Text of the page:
Ausländer Audacity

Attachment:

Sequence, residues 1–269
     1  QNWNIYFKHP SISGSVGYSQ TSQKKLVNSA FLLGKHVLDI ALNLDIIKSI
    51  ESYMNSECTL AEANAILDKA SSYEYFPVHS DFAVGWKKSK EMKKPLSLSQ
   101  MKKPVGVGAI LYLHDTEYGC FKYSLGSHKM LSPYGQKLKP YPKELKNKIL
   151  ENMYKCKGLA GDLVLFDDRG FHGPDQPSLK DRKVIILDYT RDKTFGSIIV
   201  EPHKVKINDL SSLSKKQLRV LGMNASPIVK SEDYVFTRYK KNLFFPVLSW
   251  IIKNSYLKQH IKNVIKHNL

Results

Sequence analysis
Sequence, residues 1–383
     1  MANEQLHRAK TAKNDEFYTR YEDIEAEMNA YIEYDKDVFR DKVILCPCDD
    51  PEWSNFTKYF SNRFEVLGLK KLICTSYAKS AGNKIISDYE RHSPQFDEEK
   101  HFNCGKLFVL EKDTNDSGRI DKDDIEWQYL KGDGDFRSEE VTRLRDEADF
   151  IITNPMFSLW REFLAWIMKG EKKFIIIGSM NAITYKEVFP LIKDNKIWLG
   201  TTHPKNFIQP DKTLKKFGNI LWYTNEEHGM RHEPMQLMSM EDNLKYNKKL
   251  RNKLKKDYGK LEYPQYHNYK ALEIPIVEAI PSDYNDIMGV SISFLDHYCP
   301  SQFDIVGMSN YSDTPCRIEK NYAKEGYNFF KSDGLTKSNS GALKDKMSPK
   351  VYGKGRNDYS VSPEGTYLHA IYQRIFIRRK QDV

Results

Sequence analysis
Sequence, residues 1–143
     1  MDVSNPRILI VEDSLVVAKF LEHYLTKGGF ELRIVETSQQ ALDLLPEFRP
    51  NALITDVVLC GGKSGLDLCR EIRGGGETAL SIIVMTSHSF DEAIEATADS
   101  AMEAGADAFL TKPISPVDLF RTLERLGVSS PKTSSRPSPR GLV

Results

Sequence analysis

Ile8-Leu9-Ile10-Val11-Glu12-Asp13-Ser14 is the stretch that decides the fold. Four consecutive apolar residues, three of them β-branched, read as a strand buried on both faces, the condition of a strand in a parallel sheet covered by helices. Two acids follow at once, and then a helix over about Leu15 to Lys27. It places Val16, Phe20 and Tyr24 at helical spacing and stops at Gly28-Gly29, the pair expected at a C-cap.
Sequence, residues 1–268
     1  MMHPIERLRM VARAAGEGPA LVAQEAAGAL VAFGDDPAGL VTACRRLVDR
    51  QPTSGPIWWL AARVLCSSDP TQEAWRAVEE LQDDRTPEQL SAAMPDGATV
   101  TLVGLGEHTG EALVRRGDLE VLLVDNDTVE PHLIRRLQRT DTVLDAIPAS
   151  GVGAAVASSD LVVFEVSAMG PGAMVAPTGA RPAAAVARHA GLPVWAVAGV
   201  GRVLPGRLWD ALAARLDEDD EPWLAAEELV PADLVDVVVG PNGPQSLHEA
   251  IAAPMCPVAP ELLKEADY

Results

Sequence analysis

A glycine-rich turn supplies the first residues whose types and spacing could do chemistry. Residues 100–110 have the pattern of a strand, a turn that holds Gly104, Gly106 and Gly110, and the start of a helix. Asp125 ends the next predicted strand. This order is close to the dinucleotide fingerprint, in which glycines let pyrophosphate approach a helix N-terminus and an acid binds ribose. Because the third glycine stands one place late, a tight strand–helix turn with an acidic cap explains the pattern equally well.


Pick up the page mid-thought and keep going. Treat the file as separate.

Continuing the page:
I’ve been told that during times of stress our adrenal glands kick in to prepare us for two possible responses: fight or flight. This is conventional thought. But I’d like to argue there’s a third response that many animals employ, a response that’s often overlooked. It’s the hide response. When you’re too weak or scared to fight, and you know there’s no use in trying to run away (most of the time for me!), it only makes sense to head for the ditch and take cover. Maybe growing up in a tornado-fraught land selected the hide response in me over the other two. It would seem so because when faced with something terrifying, I almost always decide to hide. I learned, though, that hiding always seems like a better solution than it is. Just think back to Hide-and-Seek as a child and you may remember that when you found a really good hiding place, it was at first intoxicatingly satisfying. You felt sneaky and clever. You were almost in disbelief that such a perfect loophole existed. As time passed, however, you became a bit bored of being isolated from the outside world and others’ company. You grew impatient and began to wonder what was taking the others so long to discover you. You’re hiding place started to work against you as far as fun was concerned. Finally, if you were like me and trusted little in others’ concern for you, you gave up and came out of hiding, only to find that your playmates had long since moved on to the next episode. The immediate rewards of hiding are great, but the end result of doing it is that life moves on without you—you miss out. Even as a pseudo-adult I still love to hide. When something or someone new intimidates me, I retreat. My bed becomes my best friend, in it I feel safe and alone, and I make promises to it like, “Yeah, I know it sucks I have to go to this new class/job/party, but I’ll be back to you in just x hours and then we can relax.” I sometimes sleep for more than 12 hours straight just because my emotions, whether they be dread or sadness or confusion, are just too much for me to face. (Okay, this is only one cause of my hypersomnia, so don’t jump to conclusions!) I get a false sense of security from being alone and worrying. But in this emptiness the threat that I’ve imagined only grows, and the outside environment turns to support it. Being alone and worrying about my fears–dreading them–makes me believe more and more that they’re legitimate. “Yes, this new job must really be awful, because otherwise why would I be so nervous about it?” At the same time, other people can tell that I’m hiding and assume that maybe I’m in a bad mood and don’t want to be bothered, so they avoid contact with me. I then believe that I really am alone, that people are cold, and that I really do have something to fear. Then maybe I become even more isolated and miss out on opportunities for jobs, fun, friendships, etc. You see how quickly things can spiral downward. Suddenly your world becomes very separate from the real world and you lose your grip on reality altogether. This was happening to me as of this morning. That’s when I decided to stop hiding and instead to fight. I thought maybe even if I didn’t have the actual strength to fight this imaginary fear, just the switch in mentality would be enough to turn my downward spiral into an upward draft…just maybe. I decided that my status here as an Ausländer, or foreigner, would make the perfect front for my uncommon audacity. I gave audacity a try, saying, “Throw whatever you want at me life, I’m ready!”, and sure enough, I had great results. People talked to me more. One head of a lab, who I had never seen before, talked with me during our whole elevator ride and then out of the building. My coworkers invited me for coffee. The owner of the Indian market where I went to buy paneer told me it would be much cheaper for me to buy it at the supermarket. They opened up to me. It seemed as if the world opened up to me! And most of all, I had a lot of fun. I laughed at myself and at my own audacity. I did jump turns on the sidewalk ledge as if on a balance beam while passing cars watched me through the rain (sadly this isn’t a metaphor). I smiled at people for no reason at all. I came to respect myself for facing my fears. I grew. And that’s the point. I couldn’t grow in my hiding place. Now “Ich bin neue” (I’m new here) is my favorite phrase and my excuse to make a fool of myself in any situation. The draft has turned upwards. At least now I’m facing my fears. At least I’m not hiding anymore in that staticky orange plastic tunnel on the playground waiting for my friends to notice that I’m gone. Now I’m a part of all that I’d been missing.


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